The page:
Have a plan to easily move cattle
None of this needs to be complicated but it does need to be figured out.
If your cattle have been bucket trained, they will come to you since they want the grain.
Bucket trained just means that the cattle know when they see you with a bucket they are about to get a snack.
Give them a few days to get used to the pen before they have to be in it. Then they will be familiar with the inside of the barn and go in easily to get the feed.
Cattle have some size and power, you will need pens and gates to be sturdy and secure for your herd.
You have fencing options for your cattle
Fencing wise, electric or woven wire both work great.
Be aware since cattle are as tall as the top of the fence, if it is not electric, they can put their heads on top of the fence and push it down.
This is why many farms have a strand of electric along the top of the fence, to keep the animals from smashing it down by trying to reach or jump over.
Cattle, especially heifers, that are in heat are particularly prone to this type of fence abuse.
Another fencing option is barbed wire, especially in areas where you can not get electric. Barbed wire is the culprit in some nasty cuts when the animal does tangle with it.
Consider using electric fencing for the herd
If I wanted to put up fence for my cattle in an area that currently did not have any fence, I would seriously consider electric.
Electric fencing is versatile and affordable, especially when compared to woven wire.
It is also pretty fast to set up and move if you get the polywire. Single strand regular wire can be moved as well, but it is more challenging.
Use polybraid for pasture divisions
If you are planning on frequent moving of the fence line use polybraid, since it is easily rolled back up on a reel then strung out again.
Polybraid is a plastic cable with small strands of metal wire woven through it. Polybraid is very flexible and portable.
We use electric to divide off the sections of the pasture we want the animals to have access to and for part of the perimeter.
A woven wire perimeter is secure, but pricey
We are putting up a full perimeter of woven wire fence, since we feel it is more secure than just electric because we graze mixed species.
However, many of the cattle owners around our area use electric perimeters, generally at least two strands, that seem to work well.
Woven wire fencing takes time and significant cash, so we are progressing but are not done.
If you are able, put up a woven wire perimeter and divide your land off with electric. If not, start the less expensive way and go all electric fencing.
Electric fence will not handle crowding
- can not be crowded against
- mixed species may require more extensive fencing
If you are going to push or force the animals in an area, this area must have a solid, non electric, fence.
This means any handling area must be made of wood or metal, not electric fence.
Crowding the cattle together, like to load them on a trailer, will have them pushing and shoving through the electric fence. Not good.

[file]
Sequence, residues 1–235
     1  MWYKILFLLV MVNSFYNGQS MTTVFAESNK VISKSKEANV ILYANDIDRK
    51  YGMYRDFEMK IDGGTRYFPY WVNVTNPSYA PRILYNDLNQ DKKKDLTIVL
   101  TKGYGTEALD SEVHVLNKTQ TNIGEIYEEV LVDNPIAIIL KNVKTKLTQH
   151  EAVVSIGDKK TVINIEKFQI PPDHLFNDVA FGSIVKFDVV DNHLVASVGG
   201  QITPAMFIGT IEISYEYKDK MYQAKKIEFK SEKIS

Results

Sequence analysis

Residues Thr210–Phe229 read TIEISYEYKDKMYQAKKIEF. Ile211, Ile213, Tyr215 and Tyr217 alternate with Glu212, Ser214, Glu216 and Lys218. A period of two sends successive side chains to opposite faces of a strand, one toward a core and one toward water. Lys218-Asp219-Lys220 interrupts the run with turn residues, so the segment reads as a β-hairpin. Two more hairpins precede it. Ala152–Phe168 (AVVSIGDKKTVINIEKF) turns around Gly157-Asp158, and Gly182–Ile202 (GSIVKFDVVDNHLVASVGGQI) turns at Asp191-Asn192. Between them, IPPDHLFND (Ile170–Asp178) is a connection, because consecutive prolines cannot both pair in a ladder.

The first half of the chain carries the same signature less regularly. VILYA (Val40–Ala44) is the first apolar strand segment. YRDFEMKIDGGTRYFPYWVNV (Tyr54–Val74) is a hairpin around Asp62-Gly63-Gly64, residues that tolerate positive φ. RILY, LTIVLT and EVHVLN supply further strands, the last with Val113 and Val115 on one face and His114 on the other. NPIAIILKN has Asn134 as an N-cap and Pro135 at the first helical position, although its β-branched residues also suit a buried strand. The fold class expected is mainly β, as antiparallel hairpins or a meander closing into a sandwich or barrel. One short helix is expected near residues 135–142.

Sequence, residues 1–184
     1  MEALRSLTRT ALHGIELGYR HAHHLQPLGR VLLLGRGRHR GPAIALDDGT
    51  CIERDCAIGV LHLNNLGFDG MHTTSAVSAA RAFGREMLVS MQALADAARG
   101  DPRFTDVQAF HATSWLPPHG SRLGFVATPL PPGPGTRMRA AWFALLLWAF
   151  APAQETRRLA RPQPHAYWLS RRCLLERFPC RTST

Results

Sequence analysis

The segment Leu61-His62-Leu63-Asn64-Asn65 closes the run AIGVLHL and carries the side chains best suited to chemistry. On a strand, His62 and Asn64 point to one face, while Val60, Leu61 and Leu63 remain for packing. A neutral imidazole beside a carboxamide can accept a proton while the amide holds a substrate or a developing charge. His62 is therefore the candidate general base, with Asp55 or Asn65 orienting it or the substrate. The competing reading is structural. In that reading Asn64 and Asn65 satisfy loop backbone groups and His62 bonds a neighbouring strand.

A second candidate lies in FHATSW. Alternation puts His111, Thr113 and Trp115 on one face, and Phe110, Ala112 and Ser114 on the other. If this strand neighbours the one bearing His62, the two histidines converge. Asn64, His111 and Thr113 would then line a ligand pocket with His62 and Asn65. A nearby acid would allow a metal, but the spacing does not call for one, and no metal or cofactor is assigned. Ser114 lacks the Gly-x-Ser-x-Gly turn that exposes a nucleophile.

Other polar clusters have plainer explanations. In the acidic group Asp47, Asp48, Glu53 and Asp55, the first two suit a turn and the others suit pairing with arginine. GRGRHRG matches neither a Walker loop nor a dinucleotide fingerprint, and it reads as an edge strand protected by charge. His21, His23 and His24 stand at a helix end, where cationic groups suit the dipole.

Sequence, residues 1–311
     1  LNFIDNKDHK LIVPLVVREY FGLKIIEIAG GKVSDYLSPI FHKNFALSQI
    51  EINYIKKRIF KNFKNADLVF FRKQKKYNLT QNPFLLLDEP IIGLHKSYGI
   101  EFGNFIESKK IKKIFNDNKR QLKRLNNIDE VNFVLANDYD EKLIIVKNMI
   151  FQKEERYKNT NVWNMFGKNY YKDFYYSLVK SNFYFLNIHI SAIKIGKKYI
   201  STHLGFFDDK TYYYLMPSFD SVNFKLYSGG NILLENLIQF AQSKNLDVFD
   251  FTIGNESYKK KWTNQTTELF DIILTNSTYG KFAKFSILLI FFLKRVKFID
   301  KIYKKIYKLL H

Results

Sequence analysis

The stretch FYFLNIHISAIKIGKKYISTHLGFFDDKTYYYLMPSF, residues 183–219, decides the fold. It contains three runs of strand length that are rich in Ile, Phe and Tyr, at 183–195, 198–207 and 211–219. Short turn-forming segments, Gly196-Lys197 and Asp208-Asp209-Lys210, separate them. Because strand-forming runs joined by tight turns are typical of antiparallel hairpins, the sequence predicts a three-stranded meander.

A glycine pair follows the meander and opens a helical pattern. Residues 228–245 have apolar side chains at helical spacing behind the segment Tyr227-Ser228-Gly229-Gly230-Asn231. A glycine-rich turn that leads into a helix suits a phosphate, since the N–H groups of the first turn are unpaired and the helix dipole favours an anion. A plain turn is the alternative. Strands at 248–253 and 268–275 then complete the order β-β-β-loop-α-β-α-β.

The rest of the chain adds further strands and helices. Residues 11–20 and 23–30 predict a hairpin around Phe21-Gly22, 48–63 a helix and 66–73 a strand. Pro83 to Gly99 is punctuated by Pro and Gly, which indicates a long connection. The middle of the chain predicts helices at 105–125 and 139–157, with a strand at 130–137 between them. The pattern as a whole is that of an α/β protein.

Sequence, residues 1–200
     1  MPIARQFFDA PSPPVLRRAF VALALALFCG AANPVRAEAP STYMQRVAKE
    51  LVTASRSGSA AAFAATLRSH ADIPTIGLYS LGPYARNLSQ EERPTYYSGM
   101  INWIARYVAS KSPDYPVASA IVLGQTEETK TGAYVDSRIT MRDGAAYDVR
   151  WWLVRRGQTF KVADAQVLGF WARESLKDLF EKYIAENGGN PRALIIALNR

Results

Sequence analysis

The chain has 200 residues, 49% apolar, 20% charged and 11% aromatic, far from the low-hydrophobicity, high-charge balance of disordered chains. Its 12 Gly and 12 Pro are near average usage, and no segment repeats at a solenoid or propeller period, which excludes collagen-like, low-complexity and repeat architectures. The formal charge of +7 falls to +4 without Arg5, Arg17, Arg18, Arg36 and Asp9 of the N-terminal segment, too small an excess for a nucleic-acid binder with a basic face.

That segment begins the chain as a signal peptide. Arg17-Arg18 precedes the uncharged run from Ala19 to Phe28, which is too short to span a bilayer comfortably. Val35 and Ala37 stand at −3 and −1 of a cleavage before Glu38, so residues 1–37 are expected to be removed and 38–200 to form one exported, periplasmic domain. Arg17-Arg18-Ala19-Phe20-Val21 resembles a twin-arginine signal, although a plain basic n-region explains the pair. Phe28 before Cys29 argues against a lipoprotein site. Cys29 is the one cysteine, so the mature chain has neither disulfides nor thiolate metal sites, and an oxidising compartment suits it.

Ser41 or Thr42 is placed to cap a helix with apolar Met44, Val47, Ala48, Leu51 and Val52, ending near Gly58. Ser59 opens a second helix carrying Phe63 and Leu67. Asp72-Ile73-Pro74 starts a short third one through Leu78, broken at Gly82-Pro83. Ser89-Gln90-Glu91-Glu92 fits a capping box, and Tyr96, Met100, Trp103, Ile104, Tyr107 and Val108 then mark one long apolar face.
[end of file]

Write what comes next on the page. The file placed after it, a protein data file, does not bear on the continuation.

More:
If you are grazing mixed species, we have sheep and cattle together, the fence will need to be the type that keeps in all of your animals.
In our case, the sheep need netting while the cattle will be great with just a single strand of electric wire.
Cattle may need purchased feeds
The most basic feeding system is just grass or other forages in the pasture. If you have plenty of land, wonderful! Managed well, you can graze nearly year round!
Give the herd a salt block and plenty of water and they are good to go for the summer, all you need to do is move them to a new area as they finish up the grass where they are.
How To Choose High Quality Hay goes over the things you need to check to make sure the hay you are buying is worth your money.
Feeding hay in winter is common for cattle
In the winter things are a little more complicated, but not by much.
Hay for your herd should be of high quality, mostly first cutting grass hay. Smell the hay and check for mold or tons of weeds.
A nicely made first cutting grass hay will be the ticket for wintering your new herd.
The super green hay that is only alfalfa is probably too rich for your cattle, they need the longer stems of the grasses to have their digestion work properly.
Grain not needed for mature cattle
As far as grain goes, if your cattle, cows especially, are keeping in good condition then they don’t need any grain, it will just make them fatter.
Any cattle that you want to grow a bit faster, like steers, or seem to be needing more nutrition from their feed than they are getting could be given grain to make up for the calories they are not getting elsewhere.
To be clear, cattle do not need grain. They can and do grow just fine on forages alone.
Grain can increase gains in cattle
Sometimes it is more economical to use grain, rather than just forage, to make sure the steers are eating all the calories they need for the day.
If you decide that feeding grain is right for your situration, keep the amount of grain per steer low and introduce it gradually, too much grain upsets their bacterial balance in their gut.
For the health of the animal, most of the feed needs to be forage even if you supplement with some grain.
Deworm your cattle before increasing feed